[0044] Based on the distance and the direction of the movement, the system of the present invention can calculate the changes in the weight faster than any other method. Calculation and the relationship between the distance of the movement and the percentage of the load shifting depends on quite a few factors including:

[0045] 1. Mechanical construction of the trailer and the suspensions

[0046] 2. Number and positioning of the axle groups

[0047] 3. Length and distance to the trailer axle slider

[0048] 4. The distance or spread between the axle groups and some other factors including the weight distribution.

[0049] The relationship of the distance and the percentage of the load shifting is storing in a non-volatile memory in the microprocessor 24 and is relevant to a particular vehicle. The percentage of the ratio is calculated and stored on installation procedures and is specific for the type of the trailer configuration. By measuring the movement of the rear axle group(s) 5 and calculating the percentage of the weight shifting between the axle groups, less time is required than in known systems. However the driver must wait until the balancing of the air suspension bags are done.

[0050] The system also includes means for providing a communications interface between the truck and the trailer. One embodiment of communications interface, generally indicated at 70, is schematically illustrated in FIG. 6. The system 1 can be powered as an auxiliary on the fuse box 71 and draws from the vehicle's electrical power supply system. A back up system can be provided such as a rechargeable battery etc. By utilizing digital programmable microprocessors 23, 24 the system can be capable of storing in memory the data from the pressure sensors 15, 16, 17, 18, position sensors 33 and 61. Further a digital key pad 31 can be provided to enable the operator to isolate specific sensors and/or perform other functions if required.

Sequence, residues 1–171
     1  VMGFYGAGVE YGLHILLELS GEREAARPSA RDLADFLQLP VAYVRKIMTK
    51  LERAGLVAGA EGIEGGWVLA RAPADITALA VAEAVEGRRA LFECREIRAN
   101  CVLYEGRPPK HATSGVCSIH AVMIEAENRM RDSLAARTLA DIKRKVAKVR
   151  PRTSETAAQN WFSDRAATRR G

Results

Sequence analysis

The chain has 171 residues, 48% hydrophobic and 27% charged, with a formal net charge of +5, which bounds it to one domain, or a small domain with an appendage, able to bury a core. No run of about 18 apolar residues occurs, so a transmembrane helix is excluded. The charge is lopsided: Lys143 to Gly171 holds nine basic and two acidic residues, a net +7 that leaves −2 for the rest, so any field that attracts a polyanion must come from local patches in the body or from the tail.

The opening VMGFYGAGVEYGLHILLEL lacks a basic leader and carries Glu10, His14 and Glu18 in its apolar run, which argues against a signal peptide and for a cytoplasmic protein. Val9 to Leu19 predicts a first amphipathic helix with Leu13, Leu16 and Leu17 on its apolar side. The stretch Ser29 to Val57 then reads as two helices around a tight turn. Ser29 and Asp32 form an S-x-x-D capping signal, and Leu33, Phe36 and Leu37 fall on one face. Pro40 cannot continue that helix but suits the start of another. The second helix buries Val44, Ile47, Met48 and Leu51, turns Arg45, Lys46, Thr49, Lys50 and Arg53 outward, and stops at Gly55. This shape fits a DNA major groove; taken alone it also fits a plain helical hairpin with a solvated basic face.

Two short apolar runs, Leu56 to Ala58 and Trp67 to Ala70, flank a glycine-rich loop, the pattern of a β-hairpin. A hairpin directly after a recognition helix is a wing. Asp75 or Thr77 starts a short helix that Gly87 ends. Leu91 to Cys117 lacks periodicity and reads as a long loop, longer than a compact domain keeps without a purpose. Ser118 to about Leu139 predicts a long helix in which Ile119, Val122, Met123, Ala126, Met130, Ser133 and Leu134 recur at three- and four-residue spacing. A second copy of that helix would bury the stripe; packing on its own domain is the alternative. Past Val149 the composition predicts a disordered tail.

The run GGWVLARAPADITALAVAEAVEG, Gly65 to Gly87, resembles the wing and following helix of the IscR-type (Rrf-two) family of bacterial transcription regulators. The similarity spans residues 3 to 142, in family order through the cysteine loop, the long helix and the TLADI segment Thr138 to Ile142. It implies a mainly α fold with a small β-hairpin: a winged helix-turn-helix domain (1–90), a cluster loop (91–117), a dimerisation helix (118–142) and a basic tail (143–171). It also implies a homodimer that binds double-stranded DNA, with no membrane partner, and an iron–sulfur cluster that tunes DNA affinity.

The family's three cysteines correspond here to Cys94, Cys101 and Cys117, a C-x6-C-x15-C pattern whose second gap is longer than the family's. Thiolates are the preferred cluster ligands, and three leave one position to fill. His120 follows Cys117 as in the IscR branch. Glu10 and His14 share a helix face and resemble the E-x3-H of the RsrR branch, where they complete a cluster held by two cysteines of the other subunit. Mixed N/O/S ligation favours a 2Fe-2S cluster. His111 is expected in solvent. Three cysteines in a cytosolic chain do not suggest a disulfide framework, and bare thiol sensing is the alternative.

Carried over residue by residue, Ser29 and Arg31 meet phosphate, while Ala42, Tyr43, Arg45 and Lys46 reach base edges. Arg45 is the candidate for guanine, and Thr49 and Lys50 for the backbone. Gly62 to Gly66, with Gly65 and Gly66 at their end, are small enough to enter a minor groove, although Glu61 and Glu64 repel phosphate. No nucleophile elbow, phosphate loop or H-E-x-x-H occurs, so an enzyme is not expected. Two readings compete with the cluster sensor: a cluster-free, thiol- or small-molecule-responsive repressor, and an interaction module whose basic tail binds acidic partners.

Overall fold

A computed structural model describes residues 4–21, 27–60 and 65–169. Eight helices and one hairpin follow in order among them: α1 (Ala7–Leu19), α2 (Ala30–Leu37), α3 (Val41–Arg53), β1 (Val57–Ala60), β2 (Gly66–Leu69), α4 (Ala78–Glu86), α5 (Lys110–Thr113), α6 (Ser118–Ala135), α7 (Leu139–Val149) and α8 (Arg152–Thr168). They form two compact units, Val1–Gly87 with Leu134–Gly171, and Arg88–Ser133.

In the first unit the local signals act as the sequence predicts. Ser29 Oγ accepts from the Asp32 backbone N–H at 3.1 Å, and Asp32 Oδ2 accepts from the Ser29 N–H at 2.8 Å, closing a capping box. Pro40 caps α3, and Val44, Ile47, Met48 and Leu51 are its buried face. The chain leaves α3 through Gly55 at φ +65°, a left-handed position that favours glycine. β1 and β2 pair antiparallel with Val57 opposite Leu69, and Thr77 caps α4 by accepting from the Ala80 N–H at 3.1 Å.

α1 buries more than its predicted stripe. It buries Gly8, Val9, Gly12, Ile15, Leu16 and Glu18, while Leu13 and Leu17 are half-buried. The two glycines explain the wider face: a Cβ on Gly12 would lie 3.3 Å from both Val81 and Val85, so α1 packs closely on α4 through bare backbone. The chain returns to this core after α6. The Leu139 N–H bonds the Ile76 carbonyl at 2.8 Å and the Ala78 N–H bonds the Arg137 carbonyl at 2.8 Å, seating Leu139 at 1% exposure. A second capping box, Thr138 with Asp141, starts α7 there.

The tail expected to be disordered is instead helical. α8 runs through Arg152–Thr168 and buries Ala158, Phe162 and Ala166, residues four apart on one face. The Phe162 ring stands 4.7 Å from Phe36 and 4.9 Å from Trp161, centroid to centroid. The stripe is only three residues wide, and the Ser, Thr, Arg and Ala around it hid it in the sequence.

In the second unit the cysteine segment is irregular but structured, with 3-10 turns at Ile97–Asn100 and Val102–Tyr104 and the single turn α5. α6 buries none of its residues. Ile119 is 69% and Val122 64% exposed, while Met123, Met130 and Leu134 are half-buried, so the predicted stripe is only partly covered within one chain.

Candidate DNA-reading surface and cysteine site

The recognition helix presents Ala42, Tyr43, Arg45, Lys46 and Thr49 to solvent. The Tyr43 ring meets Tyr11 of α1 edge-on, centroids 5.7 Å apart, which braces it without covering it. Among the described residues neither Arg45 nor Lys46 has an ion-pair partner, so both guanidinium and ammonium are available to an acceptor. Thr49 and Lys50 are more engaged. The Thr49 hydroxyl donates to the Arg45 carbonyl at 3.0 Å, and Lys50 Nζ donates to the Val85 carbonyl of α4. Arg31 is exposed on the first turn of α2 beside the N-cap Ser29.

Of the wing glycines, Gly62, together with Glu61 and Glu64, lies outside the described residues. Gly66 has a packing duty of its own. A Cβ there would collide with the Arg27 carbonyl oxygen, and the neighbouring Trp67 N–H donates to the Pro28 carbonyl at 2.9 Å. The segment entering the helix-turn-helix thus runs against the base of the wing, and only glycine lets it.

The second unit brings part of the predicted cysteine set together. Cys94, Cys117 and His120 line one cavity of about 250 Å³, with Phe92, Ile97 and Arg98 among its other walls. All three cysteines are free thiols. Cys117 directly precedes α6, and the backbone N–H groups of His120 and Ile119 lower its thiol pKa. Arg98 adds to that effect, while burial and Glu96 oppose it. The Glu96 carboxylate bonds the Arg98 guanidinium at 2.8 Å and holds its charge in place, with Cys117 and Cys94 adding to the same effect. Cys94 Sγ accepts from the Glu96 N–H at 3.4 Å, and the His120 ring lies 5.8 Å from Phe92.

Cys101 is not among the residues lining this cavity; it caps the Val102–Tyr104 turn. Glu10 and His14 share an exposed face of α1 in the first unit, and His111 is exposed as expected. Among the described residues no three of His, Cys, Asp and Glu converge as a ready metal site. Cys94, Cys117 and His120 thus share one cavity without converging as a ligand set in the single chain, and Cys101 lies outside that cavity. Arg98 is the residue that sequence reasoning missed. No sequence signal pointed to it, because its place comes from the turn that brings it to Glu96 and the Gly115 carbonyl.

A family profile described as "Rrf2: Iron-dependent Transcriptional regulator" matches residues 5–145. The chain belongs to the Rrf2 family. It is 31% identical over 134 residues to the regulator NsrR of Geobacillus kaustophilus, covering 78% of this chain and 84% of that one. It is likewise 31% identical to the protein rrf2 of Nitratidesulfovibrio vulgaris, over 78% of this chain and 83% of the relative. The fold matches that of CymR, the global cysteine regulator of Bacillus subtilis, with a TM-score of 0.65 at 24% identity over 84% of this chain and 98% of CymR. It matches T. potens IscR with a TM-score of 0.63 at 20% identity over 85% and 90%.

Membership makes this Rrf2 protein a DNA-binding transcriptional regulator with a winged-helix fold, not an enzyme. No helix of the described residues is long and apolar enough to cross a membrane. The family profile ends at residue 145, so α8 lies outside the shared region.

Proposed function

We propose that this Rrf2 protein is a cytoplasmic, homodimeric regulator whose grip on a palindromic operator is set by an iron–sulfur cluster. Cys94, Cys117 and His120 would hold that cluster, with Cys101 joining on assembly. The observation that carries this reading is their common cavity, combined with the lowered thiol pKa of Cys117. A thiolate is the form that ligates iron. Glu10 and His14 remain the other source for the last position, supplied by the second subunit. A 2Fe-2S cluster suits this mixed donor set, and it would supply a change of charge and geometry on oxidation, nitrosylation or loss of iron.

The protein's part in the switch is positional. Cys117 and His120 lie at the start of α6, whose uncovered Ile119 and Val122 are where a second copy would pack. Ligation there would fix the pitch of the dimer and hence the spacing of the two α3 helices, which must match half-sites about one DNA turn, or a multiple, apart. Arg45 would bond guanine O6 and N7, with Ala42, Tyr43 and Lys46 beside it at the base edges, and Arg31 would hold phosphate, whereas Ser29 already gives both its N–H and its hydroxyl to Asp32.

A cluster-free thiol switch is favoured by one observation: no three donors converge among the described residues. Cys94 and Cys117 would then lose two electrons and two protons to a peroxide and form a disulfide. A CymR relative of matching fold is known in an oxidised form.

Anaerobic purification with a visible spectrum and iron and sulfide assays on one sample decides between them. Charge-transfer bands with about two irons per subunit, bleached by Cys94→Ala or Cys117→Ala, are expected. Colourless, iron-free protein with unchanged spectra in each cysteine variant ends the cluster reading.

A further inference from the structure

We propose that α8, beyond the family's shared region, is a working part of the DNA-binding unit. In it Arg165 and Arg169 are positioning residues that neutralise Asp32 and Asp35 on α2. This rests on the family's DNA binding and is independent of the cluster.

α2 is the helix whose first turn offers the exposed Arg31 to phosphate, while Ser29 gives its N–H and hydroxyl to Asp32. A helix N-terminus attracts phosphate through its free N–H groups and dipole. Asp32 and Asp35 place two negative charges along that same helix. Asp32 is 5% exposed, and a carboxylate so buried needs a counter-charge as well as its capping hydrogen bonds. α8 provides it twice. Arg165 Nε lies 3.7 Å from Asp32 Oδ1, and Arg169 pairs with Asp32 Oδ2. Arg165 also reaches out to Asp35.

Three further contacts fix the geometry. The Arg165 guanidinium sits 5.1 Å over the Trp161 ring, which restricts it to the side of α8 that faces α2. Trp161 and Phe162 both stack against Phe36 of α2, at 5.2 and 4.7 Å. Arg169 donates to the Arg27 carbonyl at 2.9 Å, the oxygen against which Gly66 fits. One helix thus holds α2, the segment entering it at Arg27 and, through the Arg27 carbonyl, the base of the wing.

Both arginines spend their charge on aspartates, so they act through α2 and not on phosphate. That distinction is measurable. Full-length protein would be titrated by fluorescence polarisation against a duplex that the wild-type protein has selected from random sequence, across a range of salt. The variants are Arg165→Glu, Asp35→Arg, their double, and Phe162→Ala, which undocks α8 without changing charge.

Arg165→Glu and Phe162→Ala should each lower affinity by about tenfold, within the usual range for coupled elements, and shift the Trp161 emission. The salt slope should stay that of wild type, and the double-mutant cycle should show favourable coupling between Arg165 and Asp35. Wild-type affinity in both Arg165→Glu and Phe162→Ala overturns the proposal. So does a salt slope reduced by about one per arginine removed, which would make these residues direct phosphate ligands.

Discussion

[0051] The ECUs 25 and 27 can communicate with each other by a variety of known means. The ECUs could be connected by wire or co-axial cable, however authorities are discouraging additional wire connections between the cab and trailer and restricting wire or cable to the current seven prong connection. Radio receivers and transmitters or cellular connections could be utilized however a reliable, secure interface without the possibility of outside interference or disruption is required.

[0052] In the preferred embodiment the ECUs, 25 and 27, communicate with each other on a multiplex bus (MXBUS) 71 that uses a wire connected to one of the pins on the standard seven pin connector between the cab and trailer for transmitting and receiving data. This is accomplished by pulsing a high frequency carrier on the selected wire. Dual frequencies are used, one for receive, one for transmit to allow for full duplex communication on the single wire. In one embodiment a turn signal lamp wire is selected. The frequency carriers are low voltage, and are detectable even if the signal lamp is pulsing and will not interfere with the turn signals. The MXBUS is a three conductor bus, one for signal, one for signal corn, one for power. These conductors can be found on all truck harnesses that provide the center power pin for an auxiliary circuit or power for the ABS brakes. Recently an industry standard was developed for use in connection with the ABS warning light. This standard uses the PLC4TRUCKS™ protocol developed using spread spectrum communication on the power line carrier. Other wireless communication systems, such as Bluetooth™ or cellular technology, may also be appropriate. Alternatively a second plug could be provided.